For a quirky little comedy about ghosts, Beetlejuice has done quite well establishing itself as a timeless classic. Not only was it one of director Tim Burton’s seminal early works, it also features excellent performances from Michael Keaton, Winona Ryder, Alec Baldwin, and more. Made on a modest budget in 1988, the film raked in $73 million (160 million adjusted for inflation) and was the 10th biggest box office hit of the year.
Let’s take a look back on the movie and some of the lesser known facts about how it was made and whether a Beetlejuice sequel is actually going to happen.
How the cast came together.
Tim Burton had to work his ass off to get all the actors he wanted for Beetlejuice. Geena Davis was on board from the start, but Winona Ryder, Catherine O’Hara, and Michael Keaton all initially passed on the film. The director ended up flying out to meet O’Hara and convince her to take the part. Catherine O’Hara wasn’t originally set to be in the movie at all – the role of Delia Deetz went to Anjelica Huston initially, but she had to withdraw from the film due to illness.
The role of goth teenager Lydia Deetz was difficult to fill, as well… Sarah Jessica Parker, Brooke Shields, Jennifer Connelly, and Molly Ringwald all turned down the role. Juliette Lewis auditioned for the part, as well, but it ended up going to a 16-year-old Winona Ryder after Burton saw her acting debut in the 1986 coming of age flick Lucas.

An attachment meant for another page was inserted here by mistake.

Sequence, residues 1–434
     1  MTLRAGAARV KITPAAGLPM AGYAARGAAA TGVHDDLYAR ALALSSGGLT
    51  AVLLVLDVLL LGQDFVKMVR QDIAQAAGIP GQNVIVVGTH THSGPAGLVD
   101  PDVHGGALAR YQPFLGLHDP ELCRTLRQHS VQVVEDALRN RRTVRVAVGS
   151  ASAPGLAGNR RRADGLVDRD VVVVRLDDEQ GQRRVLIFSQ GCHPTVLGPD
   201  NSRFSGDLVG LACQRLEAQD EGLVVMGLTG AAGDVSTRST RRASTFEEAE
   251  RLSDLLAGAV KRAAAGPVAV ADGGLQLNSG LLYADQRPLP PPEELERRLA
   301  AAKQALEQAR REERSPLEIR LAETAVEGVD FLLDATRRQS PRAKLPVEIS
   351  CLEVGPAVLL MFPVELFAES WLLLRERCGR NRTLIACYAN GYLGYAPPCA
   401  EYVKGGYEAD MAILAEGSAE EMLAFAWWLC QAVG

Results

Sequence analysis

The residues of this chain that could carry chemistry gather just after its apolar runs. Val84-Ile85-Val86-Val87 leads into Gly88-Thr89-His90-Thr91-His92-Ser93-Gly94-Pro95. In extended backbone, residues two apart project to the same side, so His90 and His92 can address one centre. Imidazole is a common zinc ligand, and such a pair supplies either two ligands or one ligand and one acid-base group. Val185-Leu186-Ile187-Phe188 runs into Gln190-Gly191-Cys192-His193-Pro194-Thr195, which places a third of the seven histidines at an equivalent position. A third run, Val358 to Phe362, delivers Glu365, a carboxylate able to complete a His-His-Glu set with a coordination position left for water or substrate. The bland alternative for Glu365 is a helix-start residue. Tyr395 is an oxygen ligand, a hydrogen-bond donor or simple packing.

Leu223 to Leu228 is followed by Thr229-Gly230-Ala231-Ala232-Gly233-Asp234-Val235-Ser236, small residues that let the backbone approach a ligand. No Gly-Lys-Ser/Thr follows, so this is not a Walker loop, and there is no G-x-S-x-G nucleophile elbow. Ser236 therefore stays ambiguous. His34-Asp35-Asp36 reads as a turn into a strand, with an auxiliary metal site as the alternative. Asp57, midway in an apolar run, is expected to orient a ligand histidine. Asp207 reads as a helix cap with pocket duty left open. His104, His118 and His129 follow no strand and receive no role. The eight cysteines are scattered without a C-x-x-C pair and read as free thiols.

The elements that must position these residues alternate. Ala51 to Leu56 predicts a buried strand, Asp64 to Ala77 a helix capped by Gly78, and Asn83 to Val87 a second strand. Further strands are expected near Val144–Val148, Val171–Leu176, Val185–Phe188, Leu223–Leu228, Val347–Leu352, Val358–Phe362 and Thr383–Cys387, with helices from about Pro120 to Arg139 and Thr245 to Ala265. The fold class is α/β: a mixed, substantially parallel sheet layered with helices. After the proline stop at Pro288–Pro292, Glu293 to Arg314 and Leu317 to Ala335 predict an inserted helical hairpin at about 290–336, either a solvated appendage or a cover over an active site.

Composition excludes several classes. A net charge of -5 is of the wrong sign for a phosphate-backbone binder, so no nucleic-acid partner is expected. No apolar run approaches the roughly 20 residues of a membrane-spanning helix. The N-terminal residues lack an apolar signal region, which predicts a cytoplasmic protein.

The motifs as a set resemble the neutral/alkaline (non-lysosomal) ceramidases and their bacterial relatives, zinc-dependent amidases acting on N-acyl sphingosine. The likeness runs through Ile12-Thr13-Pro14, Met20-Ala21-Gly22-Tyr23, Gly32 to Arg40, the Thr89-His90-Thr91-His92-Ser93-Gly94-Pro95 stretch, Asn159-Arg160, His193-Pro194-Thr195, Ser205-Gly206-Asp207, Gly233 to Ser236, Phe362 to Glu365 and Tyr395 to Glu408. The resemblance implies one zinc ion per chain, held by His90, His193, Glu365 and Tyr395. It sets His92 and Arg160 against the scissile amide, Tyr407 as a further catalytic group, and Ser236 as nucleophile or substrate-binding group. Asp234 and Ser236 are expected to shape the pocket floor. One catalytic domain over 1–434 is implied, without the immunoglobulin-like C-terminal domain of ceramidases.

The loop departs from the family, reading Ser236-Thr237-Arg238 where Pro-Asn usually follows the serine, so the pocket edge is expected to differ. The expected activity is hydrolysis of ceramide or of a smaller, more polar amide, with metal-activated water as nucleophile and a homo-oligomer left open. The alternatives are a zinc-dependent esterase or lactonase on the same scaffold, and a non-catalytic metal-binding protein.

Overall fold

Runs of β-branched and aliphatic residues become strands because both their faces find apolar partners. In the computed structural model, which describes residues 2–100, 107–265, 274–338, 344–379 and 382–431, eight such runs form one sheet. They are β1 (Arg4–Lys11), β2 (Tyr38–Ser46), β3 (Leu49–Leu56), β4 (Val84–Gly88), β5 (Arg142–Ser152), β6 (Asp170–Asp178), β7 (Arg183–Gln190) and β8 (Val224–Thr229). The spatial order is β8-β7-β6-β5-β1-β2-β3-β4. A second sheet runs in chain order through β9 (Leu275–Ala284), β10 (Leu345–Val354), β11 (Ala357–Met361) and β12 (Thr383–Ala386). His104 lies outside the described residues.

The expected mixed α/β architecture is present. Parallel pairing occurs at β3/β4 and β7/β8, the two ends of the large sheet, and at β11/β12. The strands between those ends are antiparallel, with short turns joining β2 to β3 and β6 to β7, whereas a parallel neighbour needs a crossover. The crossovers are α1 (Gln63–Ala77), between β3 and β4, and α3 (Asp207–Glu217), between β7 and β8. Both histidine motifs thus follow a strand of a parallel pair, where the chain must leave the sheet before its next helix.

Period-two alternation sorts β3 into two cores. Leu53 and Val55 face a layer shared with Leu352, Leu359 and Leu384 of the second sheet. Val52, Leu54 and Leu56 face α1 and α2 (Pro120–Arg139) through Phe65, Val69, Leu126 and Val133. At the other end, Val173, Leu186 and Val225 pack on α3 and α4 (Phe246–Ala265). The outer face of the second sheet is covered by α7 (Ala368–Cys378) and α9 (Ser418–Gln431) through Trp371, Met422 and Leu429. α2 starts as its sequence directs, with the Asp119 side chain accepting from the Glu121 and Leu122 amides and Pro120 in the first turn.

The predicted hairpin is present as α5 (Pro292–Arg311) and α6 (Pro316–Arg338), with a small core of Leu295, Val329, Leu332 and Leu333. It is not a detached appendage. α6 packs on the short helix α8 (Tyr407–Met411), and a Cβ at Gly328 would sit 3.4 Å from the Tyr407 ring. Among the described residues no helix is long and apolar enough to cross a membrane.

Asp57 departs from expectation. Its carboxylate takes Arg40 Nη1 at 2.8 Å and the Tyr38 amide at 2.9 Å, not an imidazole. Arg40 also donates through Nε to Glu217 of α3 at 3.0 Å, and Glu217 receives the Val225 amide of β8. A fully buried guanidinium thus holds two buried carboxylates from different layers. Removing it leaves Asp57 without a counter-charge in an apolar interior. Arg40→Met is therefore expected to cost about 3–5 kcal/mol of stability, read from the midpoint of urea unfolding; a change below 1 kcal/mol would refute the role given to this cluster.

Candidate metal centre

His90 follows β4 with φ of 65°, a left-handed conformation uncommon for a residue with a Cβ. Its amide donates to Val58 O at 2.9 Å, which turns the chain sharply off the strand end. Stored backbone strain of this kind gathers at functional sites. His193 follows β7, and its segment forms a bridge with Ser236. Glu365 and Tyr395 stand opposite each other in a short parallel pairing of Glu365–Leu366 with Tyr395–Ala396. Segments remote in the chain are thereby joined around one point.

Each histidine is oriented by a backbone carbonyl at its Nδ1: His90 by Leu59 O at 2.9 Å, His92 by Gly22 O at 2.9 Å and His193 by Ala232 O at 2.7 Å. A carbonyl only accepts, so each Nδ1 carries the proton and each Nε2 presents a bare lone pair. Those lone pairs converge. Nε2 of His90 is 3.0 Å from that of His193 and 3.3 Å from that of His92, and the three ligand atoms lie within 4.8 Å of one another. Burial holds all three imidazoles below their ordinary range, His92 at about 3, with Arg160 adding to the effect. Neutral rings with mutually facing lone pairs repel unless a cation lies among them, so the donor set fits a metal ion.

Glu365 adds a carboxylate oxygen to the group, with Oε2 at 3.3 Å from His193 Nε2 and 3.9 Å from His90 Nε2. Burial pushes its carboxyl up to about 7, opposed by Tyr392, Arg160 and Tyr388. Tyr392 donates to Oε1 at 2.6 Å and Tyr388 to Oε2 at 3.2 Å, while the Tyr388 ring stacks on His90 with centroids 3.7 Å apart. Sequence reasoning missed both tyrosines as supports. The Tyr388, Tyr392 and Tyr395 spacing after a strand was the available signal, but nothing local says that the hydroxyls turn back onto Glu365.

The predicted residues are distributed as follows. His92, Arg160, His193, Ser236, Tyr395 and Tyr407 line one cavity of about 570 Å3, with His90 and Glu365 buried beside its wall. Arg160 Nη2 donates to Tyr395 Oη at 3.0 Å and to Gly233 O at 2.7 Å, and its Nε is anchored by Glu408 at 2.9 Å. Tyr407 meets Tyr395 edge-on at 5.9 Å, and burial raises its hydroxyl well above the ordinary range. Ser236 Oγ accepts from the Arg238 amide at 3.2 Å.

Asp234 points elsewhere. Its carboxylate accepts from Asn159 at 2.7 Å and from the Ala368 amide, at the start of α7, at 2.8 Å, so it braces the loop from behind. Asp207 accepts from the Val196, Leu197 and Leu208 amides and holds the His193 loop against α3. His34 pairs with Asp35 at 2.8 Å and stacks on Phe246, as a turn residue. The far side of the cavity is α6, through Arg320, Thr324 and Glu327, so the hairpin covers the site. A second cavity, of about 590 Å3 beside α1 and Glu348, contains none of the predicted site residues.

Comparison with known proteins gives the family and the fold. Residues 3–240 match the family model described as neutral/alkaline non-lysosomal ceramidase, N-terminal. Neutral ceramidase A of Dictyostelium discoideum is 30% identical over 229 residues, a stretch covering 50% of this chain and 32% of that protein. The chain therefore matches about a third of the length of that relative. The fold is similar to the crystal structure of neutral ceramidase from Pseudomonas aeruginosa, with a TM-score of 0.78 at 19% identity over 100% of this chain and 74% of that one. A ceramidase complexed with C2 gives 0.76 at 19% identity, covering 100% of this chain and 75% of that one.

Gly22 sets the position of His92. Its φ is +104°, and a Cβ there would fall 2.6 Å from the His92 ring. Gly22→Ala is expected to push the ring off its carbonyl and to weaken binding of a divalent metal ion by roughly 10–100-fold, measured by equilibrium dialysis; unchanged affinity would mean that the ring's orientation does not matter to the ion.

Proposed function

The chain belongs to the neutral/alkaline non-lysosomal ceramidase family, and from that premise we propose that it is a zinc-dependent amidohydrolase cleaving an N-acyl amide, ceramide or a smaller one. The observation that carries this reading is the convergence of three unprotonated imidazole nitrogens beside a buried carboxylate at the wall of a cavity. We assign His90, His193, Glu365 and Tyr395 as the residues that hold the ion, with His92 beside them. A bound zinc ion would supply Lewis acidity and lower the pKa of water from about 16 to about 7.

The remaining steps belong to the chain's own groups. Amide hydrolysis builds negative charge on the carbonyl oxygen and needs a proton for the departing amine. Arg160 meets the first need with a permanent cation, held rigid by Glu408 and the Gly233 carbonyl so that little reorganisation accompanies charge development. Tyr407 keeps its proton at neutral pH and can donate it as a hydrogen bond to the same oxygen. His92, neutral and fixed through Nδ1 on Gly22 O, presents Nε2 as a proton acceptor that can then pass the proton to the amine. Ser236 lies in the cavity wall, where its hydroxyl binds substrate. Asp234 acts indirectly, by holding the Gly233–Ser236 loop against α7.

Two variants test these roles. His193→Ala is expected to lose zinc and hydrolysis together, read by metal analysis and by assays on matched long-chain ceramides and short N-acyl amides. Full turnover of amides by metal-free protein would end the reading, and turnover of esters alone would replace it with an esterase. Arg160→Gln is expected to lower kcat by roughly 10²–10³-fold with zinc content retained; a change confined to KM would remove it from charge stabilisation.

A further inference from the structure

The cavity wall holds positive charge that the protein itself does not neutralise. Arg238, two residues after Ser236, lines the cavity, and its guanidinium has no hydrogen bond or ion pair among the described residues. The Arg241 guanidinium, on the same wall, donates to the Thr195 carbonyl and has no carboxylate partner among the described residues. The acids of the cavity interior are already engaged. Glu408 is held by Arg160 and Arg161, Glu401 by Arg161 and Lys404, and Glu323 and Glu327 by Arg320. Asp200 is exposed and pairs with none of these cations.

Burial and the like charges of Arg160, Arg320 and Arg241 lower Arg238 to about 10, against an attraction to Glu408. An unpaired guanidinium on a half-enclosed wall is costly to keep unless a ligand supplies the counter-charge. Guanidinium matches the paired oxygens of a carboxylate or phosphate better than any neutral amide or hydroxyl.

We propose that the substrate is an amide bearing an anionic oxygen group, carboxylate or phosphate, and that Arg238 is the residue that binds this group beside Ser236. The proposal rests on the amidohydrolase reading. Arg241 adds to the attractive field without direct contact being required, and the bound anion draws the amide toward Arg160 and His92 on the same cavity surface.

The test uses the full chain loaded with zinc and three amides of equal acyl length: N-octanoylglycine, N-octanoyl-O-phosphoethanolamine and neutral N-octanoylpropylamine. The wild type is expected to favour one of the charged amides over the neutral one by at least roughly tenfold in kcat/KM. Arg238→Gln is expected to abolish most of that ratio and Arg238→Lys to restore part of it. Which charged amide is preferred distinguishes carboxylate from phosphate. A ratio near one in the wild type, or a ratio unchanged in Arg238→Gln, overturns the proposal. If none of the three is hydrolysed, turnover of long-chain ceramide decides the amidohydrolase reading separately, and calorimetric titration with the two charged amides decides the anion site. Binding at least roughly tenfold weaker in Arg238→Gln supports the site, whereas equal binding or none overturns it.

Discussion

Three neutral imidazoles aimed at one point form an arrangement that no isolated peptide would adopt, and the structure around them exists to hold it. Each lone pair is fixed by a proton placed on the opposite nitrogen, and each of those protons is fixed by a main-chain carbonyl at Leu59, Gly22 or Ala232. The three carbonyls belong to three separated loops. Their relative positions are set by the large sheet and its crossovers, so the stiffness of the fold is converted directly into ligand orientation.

Burton stacked the cast with his favorite celebrities from previous eras. ’60s crooner Robert Goulet and talk show host Dick Cavett were given roles as the Deetz’s snobby friends, and Tim has said he hounded ’30s actress Sylvia Sidney incessantly until she agreed to play the salty undead social worker Juno. Burton also had his eyes on another singer for a key role: He originally wanted Rat Pack member Sammy Davis, Jr. to play Beetlejuice.
Sammy Davis, Jr. wasn’t the only unique casting option for Beetlejuice. Producers also considered Dudley Moore (of Arthur and “10” fame) and comedian Sam Kinison for the role (Kinison’s manager never bothered to inform him of the studio’s interest). Studio head David Geffen of Geffen Records and Geffen Pictures fame lobbied for Michael Keaton, who was best known at the time for his role in the romantic comedy Mr. Mom. Tim Burton was sold after meeting Keaton, so much so that he brought Keaton on board to be his Batman.